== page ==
Summer! It’s a great season – except for how hard it is to squeeze everything into mere 24 hour days.
Take this weekend for example. If you like puppets, check out “Puppets Up! International Puppet Festival“. This is the 9th annual such event in lovely Almonte, Ontario. That’s a former mill town along the Mississippi River, about 40 minutes west/south-west of downtown Ottawa.
The Ottawa Citizen has more about what’s on tap with Puppets Up! there this weekend. (See the end of this post for more explanation of Canada’s Mississippi River.)
Meanwhile, a bit closer to the U.S. border, there’s also Perth’s 16th annual garlic festival ($5 admission) There’s a slightly smaller garlic festival in Carp this weekend too (free admission). Other garlic festivals around Canada and the U.S. for 2013 are listed on this page from the Garlic Seed Foundation.
Last weekend (a 3-day weekend in Ontario) we did some cycling and exploring in New York’s Finger Lakes, where we finally saw the Corning Museum of Glass.
That was a remarkable reminder of how wrong initial assumptions can be. For some reason, I just thought it was about the industry of making glass and glass products. You know, one of those “eat your spinach” destinations: very healthy, if not exactly delightful. (And I say that as someone who likes glass products and spinach.)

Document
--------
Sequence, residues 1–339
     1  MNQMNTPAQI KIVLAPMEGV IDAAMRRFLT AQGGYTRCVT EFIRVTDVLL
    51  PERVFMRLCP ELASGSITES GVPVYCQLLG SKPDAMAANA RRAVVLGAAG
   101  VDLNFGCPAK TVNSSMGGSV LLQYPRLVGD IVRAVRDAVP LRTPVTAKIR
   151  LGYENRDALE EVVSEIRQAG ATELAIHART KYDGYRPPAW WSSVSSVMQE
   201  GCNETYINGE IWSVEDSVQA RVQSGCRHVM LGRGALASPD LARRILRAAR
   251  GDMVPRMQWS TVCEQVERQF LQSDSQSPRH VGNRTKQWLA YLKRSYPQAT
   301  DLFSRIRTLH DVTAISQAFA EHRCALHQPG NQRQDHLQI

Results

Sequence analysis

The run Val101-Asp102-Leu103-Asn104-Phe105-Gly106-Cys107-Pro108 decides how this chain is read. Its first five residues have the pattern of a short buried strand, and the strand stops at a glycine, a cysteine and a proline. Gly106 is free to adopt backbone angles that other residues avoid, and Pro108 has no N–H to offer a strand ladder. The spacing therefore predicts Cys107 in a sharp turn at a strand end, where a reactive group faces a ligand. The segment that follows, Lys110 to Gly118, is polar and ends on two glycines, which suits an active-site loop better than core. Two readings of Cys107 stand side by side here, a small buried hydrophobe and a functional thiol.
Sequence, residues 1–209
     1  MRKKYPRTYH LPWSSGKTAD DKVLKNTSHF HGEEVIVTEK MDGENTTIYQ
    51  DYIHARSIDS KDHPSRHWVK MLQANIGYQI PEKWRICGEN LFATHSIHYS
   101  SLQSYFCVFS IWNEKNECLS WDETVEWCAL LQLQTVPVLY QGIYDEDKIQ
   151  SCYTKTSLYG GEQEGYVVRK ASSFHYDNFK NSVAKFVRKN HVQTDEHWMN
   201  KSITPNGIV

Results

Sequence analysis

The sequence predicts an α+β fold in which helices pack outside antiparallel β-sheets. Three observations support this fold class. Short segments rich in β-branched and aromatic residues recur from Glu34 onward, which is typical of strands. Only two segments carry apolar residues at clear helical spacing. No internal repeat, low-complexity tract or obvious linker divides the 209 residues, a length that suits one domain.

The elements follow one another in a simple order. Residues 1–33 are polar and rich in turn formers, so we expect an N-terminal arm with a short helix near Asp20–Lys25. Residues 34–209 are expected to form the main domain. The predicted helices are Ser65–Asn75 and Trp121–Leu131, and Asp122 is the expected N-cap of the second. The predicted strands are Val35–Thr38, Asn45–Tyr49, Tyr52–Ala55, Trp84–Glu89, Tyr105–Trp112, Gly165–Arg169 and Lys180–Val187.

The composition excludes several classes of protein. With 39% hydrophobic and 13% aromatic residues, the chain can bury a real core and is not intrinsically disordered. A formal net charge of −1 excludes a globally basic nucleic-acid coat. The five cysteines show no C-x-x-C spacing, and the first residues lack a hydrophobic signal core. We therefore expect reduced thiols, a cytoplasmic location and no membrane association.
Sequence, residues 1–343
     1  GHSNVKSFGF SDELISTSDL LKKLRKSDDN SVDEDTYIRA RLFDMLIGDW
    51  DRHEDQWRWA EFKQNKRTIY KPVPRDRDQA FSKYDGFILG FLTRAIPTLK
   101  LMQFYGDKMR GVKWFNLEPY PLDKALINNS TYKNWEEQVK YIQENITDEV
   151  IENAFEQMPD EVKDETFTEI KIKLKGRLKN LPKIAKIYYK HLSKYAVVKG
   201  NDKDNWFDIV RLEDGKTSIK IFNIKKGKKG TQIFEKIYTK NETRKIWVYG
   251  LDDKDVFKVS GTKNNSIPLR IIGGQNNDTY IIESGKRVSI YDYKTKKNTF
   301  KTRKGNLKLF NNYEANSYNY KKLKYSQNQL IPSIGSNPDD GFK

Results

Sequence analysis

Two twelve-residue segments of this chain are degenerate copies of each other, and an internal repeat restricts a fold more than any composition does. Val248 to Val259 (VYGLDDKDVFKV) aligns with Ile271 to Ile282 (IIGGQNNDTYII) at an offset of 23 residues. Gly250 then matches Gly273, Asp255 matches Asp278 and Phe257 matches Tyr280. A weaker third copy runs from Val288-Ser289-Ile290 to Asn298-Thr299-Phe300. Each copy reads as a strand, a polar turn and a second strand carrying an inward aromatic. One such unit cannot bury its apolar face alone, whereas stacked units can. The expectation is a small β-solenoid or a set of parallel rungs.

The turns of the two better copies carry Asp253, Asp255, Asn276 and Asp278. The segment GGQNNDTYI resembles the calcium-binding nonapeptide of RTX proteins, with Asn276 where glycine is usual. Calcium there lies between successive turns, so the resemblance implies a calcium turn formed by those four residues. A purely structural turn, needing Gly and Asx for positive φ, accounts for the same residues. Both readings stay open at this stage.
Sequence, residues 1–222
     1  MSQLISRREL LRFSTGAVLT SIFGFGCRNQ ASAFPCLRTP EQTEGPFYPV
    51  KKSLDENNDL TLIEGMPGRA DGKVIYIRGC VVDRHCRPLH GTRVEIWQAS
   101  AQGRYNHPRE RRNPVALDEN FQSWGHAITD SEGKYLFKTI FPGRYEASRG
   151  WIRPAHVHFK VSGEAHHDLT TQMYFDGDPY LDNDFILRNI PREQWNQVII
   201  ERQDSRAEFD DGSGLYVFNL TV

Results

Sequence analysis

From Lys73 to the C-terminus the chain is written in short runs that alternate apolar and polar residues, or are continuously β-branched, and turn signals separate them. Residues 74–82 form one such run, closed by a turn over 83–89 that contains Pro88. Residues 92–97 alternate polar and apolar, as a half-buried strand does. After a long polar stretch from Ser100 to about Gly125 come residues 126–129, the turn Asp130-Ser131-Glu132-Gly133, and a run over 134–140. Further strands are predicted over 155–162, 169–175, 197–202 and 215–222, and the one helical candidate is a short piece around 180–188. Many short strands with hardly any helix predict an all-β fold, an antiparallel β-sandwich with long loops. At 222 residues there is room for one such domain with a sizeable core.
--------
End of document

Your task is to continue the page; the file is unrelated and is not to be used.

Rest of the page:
But it’s actually full of beautiful,engrossing art, artifacts and displays. We went late Sunday afternoon (after a day of cycling). Although they stay open until 8 pm, that meant we missed most of the live glass-blowing demonstrations. So we’ll simply “have” to go see it again sometime.
I am sure remarkable events and destinations are on tap in your neighborhood too, because summer is just that way around here. As can be proven by NCPR’s community calendar.
What special place or activity do you think more people should know about?
postscript: No, the American Mississippi River does not have a smaller tributary up in Ontario. Here is more on the much smaller river of the same name from Wikipedia:
The origin of the river’s name is something of a mystery; although its current spelling may be derived from that of its much larger American cousin, it is most certainly a corruption of a different native name, as the translation ‘great water’ would not apply to a relatively minor tributary of the Ottawa, definitely the largest river in the area. Instead, the name may originate from “Mazinaa[bikinigan]-ziibi“, Algonquian for ‘[painted] image river’, referring to the pictographs found on Mazinaw Lake, though this is by no means proven.
If that’s wrong, or if there’s more to the story of how both rivers share the same name, do please share additional details in the comment section.